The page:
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The internet of things involves the placement of sensors on everything from cars to refrigerators to humans and transmitting that data via an internet connection to a central repository for storage. Once there, it becomes part of big data, which is the analysis of all that information.
Big data, however, extends far beyond just the internet of things (IoT). Big data projects can analyze data from traditional or modern databases and even unstructured data. Big data can also correlate the seemingly unrelated information that sensors collect with information in traditional databases to improve organizational efficiency. For example, a shipping company may use sensors in its vehicles to direct drivers along routes that improve delivery efficiency and reduce fuel costs.
The benefits of a big data or IoT project can lead to enhanced productivity, better health or simply a more enjoyable life. As users become more comfortable with the concept, and technology allows for the less obtrusive installation of more devices, the amount of data organizations gather increases exponentially. The challenge is to store this data, which is notably different in both type and quantity from traditional storage data.
Storage demands for a big data, IoT project
From a storage perspective, IoT and big data are similar, but they have different demands. The storage response for an IoT project is dependent on the use case. For sensors, an IoT storage system needs to handle rapid input from potentially millions of sensors simultaneously. Because the data these sensors produce is often tiny, the target storage system needs to store what might amount to trillions of small files without impairing performance.
But an IoT project can also include surveillance images from cameras or drones. This data type is typically a continuous stream, so its storage is dependent on high bandwidth and the ability to store fewer but much larger, high-capacity files than the sensor use case. What makes the challenges even more daunting is that it is not uncommon for an organization to require storage for both IoT use cases.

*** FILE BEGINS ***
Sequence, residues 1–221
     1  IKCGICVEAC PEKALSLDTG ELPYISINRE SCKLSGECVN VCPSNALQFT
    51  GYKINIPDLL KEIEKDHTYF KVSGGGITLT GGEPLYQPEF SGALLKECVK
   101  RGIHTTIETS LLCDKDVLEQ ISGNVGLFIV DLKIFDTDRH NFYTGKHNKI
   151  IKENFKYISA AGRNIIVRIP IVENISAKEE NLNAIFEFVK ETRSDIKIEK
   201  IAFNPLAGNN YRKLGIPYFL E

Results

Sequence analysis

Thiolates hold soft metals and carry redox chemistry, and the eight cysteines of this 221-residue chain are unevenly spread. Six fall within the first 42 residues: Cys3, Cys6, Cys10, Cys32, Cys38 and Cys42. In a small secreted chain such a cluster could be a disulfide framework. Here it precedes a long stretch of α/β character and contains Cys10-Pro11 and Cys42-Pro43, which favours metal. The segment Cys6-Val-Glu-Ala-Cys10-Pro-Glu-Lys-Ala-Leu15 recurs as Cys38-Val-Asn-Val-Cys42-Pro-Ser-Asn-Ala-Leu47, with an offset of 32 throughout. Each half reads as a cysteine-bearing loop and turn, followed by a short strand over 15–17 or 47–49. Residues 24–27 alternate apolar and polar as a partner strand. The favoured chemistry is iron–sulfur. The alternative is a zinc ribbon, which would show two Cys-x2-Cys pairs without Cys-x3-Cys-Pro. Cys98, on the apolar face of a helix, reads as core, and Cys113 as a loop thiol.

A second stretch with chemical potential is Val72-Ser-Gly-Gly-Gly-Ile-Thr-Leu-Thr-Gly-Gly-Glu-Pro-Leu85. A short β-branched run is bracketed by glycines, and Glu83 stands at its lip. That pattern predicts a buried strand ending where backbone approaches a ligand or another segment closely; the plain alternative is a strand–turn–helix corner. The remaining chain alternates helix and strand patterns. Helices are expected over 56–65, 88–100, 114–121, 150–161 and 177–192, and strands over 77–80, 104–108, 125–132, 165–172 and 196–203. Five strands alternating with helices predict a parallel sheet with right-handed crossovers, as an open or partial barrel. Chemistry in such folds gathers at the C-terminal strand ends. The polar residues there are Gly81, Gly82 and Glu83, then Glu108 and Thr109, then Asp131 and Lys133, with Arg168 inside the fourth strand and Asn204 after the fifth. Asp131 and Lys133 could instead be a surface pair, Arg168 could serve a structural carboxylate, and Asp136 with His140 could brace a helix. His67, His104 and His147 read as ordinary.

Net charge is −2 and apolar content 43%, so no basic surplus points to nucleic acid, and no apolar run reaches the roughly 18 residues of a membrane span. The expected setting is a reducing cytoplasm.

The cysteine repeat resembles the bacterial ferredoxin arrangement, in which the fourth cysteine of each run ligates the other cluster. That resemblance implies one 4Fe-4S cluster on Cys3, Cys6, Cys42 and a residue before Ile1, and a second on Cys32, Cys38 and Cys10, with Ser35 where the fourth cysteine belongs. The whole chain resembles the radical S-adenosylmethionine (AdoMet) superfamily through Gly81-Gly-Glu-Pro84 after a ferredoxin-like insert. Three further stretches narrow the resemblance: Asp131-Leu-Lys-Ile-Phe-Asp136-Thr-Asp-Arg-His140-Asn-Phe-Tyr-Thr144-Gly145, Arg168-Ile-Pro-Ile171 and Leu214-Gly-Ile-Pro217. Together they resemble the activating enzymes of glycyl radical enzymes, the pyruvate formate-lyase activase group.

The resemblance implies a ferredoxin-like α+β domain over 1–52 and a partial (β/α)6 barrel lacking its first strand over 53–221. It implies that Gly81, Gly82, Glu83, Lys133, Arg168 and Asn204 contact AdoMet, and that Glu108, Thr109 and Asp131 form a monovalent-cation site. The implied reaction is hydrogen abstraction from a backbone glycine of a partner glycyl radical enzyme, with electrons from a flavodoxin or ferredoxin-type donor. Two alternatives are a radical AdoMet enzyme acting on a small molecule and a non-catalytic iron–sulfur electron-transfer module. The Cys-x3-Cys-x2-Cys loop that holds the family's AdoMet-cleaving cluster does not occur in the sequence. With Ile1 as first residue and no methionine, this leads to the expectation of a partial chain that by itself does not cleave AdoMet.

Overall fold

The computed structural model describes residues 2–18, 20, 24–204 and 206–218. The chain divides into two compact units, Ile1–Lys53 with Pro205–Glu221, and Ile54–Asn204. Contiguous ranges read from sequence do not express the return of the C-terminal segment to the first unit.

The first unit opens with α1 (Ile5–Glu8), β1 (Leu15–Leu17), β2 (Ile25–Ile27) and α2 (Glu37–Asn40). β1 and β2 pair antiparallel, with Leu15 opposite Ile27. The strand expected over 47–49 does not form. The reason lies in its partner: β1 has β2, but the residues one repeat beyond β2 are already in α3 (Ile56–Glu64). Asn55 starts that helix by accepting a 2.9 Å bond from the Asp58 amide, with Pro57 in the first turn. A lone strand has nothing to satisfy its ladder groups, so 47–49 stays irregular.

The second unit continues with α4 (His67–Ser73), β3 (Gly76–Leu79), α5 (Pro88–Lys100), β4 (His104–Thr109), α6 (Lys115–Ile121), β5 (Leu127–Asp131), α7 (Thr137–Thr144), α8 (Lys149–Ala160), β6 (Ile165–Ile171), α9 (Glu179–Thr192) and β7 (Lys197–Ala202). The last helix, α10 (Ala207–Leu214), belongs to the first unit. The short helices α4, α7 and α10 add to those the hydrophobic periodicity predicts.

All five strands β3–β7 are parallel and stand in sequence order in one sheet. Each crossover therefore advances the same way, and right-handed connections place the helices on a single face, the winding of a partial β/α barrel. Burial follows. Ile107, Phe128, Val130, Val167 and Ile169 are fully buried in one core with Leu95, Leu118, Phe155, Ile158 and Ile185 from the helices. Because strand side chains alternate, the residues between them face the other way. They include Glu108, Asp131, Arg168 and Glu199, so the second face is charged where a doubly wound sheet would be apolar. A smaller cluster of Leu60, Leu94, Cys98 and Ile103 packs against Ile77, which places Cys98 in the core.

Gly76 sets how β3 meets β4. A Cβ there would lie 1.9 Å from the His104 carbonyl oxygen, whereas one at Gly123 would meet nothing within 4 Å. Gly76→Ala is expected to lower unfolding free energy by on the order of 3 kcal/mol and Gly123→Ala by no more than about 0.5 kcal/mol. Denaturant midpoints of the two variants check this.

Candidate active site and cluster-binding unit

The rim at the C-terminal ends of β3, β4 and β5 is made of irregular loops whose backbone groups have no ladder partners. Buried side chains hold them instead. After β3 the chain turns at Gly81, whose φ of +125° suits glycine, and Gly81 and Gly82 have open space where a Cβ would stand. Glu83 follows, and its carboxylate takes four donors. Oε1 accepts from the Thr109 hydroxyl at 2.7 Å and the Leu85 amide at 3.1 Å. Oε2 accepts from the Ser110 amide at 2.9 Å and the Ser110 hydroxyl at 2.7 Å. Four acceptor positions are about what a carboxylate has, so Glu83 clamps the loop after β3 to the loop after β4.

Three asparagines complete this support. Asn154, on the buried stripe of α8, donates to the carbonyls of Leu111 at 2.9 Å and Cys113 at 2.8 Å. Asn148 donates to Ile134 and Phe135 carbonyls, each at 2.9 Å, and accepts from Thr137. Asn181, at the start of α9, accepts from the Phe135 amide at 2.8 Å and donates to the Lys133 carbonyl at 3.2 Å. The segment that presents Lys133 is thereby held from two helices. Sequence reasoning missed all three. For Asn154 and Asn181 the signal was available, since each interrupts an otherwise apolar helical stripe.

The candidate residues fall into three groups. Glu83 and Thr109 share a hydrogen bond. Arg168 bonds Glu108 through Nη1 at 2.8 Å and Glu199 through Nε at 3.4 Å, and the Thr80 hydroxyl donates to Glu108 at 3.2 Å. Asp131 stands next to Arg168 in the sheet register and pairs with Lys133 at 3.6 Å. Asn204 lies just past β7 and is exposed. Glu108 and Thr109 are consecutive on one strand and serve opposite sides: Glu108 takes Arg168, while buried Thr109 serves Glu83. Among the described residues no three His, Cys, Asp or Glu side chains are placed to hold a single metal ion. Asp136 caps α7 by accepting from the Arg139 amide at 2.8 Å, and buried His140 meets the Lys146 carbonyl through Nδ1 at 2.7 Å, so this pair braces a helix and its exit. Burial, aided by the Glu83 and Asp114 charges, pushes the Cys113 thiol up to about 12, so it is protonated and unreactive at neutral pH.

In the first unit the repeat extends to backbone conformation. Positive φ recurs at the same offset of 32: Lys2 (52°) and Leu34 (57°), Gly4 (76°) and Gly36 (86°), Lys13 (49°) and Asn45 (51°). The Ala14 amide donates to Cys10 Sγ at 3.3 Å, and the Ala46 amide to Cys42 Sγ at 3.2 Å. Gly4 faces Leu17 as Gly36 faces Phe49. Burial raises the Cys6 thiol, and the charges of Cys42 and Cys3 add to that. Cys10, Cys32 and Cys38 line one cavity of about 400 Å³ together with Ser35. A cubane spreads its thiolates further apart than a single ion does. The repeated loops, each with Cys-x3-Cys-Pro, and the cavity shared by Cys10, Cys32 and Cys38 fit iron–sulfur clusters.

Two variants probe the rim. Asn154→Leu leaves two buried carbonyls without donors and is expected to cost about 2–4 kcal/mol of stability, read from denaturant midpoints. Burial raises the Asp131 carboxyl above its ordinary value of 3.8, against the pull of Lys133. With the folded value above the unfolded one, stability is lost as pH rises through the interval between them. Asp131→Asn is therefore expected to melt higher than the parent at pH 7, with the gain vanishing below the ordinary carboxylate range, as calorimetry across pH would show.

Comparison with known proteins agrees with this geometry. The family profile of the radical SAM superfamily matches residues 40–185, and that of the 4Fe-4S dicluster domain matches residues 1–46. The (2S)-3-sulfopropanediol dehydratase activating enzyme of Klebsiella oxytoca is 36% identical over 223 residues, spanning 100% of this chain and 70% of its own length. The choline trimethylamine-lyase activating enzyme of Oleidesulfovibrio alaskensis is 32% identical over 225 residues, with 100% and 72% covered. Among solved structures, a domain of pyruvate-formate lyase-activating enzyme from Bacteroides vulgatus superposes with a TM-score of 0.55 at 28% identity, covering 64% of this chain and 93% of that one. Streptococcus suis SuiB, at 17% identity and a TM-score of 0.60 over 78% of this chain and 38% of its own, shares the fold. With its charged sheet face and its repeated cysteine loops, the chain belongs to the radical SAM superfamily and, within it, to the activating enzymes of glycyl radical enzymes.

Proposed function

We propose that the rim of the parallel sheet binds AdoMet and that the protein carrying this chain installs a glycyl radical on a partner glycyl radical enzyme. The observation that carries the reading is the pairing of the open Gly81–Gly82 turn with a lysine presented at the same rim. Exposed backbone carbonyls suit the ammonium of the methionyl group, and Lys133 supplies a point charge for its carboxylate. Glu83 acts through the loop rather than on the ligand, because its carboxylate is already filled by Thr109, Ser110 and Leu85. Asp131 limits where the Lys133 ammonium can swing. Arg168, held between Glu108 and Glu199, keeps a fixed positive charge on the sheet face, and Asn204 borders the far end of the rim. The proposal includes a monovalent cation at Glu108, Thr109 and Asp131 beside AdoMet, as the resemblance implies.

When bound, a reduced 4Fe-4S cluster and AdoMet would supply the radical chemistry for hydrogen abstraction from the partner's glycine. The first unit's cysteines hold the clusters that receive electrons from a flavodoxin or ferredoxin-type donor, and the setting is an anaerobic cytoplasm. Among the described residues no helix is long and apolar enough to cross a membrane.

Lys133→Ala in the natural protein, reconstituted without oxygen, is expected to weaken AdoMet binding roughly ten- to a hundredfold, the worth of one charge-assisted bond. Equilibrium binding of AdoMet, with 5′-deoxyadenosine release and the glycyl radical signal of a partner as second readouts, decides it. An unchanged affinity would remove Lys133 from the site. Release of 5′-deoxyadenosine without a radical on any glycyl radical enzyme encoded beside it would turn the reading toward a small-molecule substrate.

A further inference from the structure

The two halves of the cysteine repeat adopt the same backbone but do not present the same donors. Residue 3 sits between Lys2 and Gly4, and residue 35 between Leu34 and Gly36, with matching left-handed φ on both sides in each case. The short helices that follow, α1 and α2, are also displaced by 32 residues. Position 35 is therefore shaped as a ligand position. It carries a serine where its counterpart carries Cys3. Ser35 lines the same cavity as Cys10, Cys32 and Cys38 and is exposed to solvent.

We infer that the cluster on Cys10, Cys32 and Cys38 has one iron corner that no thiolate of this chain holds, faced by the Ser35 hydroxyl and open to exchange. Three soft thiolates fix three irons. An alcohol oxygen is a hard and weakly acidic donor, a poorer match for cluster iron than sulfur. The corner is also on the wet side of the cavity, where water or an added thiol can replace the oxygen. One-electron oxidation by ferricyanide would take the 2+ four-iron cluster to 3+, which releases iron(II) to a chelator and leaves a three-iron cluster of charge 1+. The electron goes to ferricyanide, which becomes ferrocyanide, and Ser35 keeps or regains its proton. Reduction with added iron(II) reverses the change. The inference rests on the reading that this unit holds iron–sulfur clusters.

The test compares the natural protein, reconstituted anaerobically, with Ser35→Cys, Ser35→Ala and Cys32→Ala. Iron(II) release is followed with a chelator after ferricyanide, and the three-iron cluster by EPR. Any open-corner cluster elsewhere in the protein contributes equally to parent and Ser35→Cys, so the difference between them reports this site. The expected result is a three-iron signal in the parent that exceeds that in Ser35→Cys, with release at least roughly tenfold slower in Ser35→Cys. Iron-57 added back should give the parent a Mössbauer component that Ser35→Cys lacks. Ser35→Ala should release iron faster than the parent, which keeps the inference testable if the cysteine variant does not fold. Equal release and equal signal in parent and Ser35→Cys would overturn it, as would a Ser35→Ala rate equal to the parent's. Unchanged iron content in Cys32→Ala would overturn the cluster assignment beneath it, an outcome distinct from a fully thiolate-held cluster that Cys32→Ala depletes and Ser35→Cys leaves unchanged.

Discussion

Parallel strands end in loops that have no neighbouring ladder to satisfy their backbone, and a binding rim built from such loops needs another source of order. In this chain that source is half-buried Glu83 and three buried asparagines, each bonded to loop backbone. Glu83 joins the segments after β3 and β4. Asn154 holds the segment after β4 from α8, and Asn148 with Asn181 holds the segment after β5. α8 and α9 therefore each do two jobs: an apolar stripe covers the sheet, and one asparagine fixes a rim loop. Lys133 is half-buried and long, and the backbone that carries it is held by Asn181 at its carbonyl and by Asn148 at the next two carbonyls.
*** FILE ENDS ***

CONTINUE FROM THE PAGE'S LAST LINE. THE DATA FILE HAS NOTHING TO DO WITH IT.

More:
From a big data perspective, the storage system needs to have access to all, or at least most, of the data that the IoT project creates. You can also use the big data project to analyze existing databases and other unstructured data, as well as to correlate the disparate data sets.
By far, the most common foundation for big data is Hadoop. The Hadoop File System (HDFS) creates a cluster of processing servers and assigns an analytics job to the least busy node in the cluster. The intent is for the data that the node needs to analyze to be local on that node. This scenario eliminates the need for an expensive network infrastructure and enables the use of low-cost, server-class storage instead of expensive, shared enterprise-level storage.
The data footprint and storage I/O requirements of IoT and big data differ from those of the traditional data center application. First, IoT data is typically a continuous feed. Data sizes can vary from miniscule to enormous. The number of files to store can reach into the trillions. This makes it easy to quickly create large amounts of data, and, as a result, there is a constant demand for capacity growth.
And that growth must scale quickly and in ways that aren't disruptive. Storage systems for an IoT project also need to scale cost-effectively so that an organization can store petabytes of data for a long time. That requires low administration costs and burdens. Most IT staff simply cannot manage a dozen storage systems from six different vendors. IT professionals need to drive their storage hardware requirements to one to three storage systems that cover Tier 1 and Tier 2 applications, as well as the immense amount of unstructured data that IoT and big data create.
Finding the answers to your IoT project challenges
IoT and big data create a number of challenges for IT professionals. IoT has two different file storage needs, and most organizations will eventually need both. The first requires high, random ingestion of trillions of small files. The second requires high-bandwidth streaming of much fewer, but much larger, files. It is extremely rare for a single storage system to provide both of these capabilities. Typically, they are tuned for handling trillions of small files or tuned for streaming large files.
Big data projects bring another set of challenges. First, much -- if not all -- of the data from the IoT project needs a transfer to the Hadoop cluster for analysis. Second, the Hadoop cluster must have access to the traditional data in the business, such as databases and user data. In addition, there are challenges with HDFS itself. For example, a single node is in charge of analytics job assignment. It also stores all of the metadata for the cluster. If that node goes down, the entire cluster may fail.